Research and health programmes the big victims as axe falls in final EU leaders’ deal. ‘It’s a no for innovation’ says MEP. The cuts ‘will cement Europe's fall behind its global competitors’
Surveying the cuts to research, innovation, health and climate change that came out of a fractious, four-days-and-nights negotiation between governments on a post-coronavirus stimulus plan, Portuguese MEP Maria Graça Carvalho asked, “Is this the Europe that we want and need?”
The ringing response from the research community on Tuesday was “No”.
Research is the big victim in the final deal reached at 5.15 am, with Horizon Europe now in line for €80.9 billion, a sum significantly lower than the €94.4 billion put forward by the European Commission in May. Before the budget summit started on Friday, Horizon Europe was slated to get a €13.5 billion boost from this one-time pandemic fund, but the final budget is bringing that figure down to only €5 billion.
The overall agreement involves almost €1.8 trillion, split between the EU’s seven-year budget running to 2027 and a one-time COVID-19 recovery package.
The hard-fought result saw funding for research “butchered in an unprecedented way,” said Kurt Deketelaere, secretary-general of the League of European Research Universities. “This budget is a major disappointment for the EU research and innovation community and a breach of trust between the academic and political worlds.”
Pierre Deschamps, former adviser on energy and climate matters to ex-commission president Jose Manuel Barroso, tweeted that he was “sad” that EU research was “a collateral damage of the loans vs grants debate” between governments.
The self-proclaimed frugal four – Sweden, Denmark, Austria and the Netherlands – along with Finland, opposed allowing €500 billion to be offered in the form of grants to countries hardest-hit by Covid-19.
German MEP Christian Ehler, one of the key legislators on Horizon Europe in the European Parliament, called the new budget bad news for the continent’s economic competitiveness.
“It’s a no for innovation,” he said. “This deal will cement Europe's fall behind its global competitors in Asia and [the US].”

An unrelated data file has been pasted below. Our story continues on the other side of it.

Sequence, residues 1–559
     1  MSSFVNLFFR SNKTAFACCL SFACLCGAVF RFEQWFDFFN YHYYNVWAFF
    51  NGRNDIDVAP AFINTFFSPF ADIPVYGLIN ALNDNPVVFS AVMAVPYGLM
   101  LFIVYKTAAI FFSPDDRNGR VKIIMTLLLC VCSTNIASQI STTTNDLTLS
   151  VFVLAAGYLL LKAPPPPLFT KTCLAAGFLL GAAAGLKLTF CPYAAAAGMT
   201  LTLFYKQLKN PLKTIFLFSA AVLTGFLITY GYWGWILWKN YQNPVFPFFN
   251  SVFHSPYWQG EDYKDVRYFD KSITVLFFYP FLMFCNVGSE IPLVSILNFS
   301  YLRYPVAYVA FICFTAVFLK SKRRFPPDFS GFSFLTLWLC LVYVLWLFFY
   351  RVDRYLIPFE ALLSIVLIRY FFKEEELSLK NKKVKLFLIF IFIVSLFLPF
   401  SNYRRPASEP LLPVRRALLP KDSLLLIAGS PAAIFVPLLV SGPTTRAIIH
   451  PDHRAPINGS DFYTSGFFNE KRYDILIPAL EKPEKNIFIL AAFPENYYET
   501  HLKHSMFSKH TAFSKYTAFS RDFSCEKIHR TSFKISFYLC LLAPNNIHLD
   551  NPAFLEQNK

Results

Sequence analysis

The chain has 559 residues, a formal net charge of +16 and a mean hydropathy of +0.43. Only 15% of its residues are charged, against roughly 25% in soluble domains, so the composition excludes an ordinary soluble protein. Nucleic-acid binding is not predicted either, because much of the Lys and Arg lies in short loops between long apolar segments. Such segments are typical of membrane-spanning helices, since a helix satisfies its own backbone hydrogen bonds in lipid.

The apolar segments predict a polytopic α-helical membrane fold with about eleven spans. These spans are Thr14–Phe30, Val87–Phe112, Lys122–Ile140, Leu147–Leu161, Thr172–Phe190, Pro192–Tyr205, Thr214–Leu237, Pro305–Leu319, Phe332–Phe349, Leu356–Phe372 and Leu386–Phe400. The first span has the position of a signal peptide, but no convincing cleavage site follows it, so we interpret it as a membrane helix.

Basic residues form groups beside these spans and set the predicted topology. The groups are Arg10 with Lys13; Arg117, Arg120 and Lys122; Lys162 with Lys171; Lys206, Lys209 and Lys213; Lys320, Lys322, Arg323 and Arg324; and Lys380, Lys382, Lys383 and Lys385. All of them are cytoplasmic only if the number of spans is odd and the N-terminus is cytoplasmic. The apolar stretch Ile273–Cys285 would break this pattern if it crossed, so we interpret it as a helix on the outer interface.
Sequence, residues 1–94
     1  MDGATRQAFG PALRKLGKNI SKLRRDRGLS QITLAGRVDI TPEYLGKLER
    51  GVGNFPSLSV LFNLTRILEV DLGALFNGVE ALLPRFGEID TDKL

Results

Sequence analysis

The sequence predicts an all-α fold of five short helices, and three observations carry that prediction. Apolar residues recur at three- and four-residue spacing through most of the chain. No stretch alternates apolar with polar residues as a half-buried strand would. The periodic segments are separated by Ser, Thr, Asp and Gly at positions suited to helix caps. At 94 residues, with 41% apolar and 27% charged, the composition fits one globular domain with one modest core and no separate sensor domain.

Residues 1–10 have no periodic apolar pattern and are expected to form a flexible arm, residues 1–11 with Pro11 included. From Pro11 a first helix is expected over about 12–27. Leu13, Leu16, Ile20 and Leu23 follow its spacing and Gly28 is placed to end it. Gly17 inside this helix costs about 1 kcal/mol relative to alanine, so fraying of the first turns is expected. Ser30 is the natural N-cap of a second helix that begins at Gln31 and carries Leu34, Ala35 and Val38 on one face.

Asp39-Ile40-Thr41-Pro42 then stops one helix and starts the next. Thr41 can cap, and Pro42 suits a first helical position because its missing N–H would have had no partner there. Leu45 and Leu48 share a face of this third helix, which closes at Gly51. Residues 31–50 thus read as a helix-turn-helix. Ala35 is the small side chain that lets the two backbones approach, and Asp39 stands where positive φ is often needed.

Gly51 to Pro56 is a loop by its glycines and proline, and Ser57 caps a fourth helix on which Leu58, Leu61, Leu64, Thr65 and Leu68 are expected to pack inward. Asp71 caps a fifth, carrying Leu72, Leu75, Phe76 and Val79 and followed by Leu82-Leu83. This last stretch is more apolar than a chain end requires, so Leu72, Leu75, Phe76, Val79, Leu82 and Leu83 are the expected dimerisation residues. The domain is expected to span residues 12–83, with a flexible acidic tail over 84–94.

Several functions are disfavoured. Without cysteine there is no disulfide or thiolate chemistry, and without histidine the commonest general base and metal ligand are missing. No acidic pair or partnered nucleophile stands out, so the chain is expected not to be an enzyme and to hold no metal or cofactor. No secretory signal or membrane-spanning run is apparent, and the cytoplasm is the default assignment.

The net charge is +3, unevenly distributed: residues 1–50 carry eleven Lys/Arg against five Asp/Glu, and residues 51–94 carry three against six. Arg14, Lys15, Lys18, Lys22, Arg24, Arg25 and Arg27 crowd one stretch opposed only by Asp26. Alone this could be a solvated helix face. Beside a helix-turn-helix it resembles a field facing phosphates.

According to Ehler, the budget deal has “killed” EU ambitions to reduce its carbon footprint by 55 per cent over the next decade, as transformative changes to Europe’s industrial sectors could be delayed by the loss of funding to the EU’s green transition fund.
“The good news is that there is a deal,” tweeted Ska Keller, a leader of Greens MEPs in the European Parliament. “The list of bad news is long: cuts to health and climate programmes; not more than vague words on [the] rule of law; cuts in long-term budget.”
Funding for climate change formed “the leftover breadcrumbs” in the deal, according to green activist Greta Thunberg.
The axe also fell hard on the EU’s big standalone health programme Health4EU, proposed by the commission to address drug shortages, stockpiles and health systems resilience. It was significantly cut by governments, with its budget dropping from €9.4 billion to €1.7 billion.
“In the end, the compromise was to spend less money on the recovery and lose all ambitions on innovation,” said Ehler. “[The deal] will lead to a Europe falling apart in terms of R&D and innovation when stronger member states like Germany already started to raise their R&D budget beyond 3 per cent of the GDP and develop their national programmes on key technologies like quantum and AI.”
Ehler’s co-legislator on Horizon Europe, Romanian MEP Dan Nica, said, “after four days of hard labour, the child is alive”. But he called the outcome a “missed opportunity” for research.
“When I saw the figures, I saw 22,500 fewer researchers supported, a loss of 400 patents for 110 inventions, and a loss of 220 clinical trials," Nica said.
Others pointed to the overall picture, and how the EU mustered up €750 billion extra to pull itself out of what could be the worst recession in its history. The final compromise settled on €360 billion loans and €390 billion grants in the coronavirus recovery scheme.
Former president Barroso said the outcome was a “great victory for Europe. Once again [the EU] has proved that the reports of its death are greatly exaggerated,” he tweeted.
The focus now inevitably shifts to how Horizon Europe distributes its budget, with pressure on officials to go back into the programme and re-distribute its reduced sums.
“You can’t now achieve everything that had been packed into this programme, which is a shame,” said Thomas Estermann, director for governance, funding and public policy development at the European University Association. “But it would be disastrous if there was to be less money available for programmes that have demonstrated the greatest impact.”
His focus is on protecting the budgets of the European Research Council (ERC), which issues prestigious grants to fundamental research projects, and Marie Skłodowska-Curie actions (MSCA), which provides mobility grants to researchers.
“Proven champions must be reinforced”, agreed Deketelaere, staking a claim for “significant increases” to the ERC and MSCA.
Ehler and Nica’s comments surely mean that the recovery plan faces a difficult passage through parliament, which has to ratify the deal.
MEPs will need to be “a strong voice on this”, said Saara Harjula, an EU affairs adviser at the University of Helsinki, who called the agreement a “huge disappointment” for research.
Unless MEPs can salvage money for Horizon Europe, research will only make up 4.5 per cent of the 2021-2027 EU budget, while the share of Horizon 2020, the current EU research programme, was about 7.1 per cent of the total EU budget between 2013 and 2020, said Josep Roet, a policy adviser at Neth-ER, an association of Dutch research bodies. “So much for ‘modernisation’,” Roet said.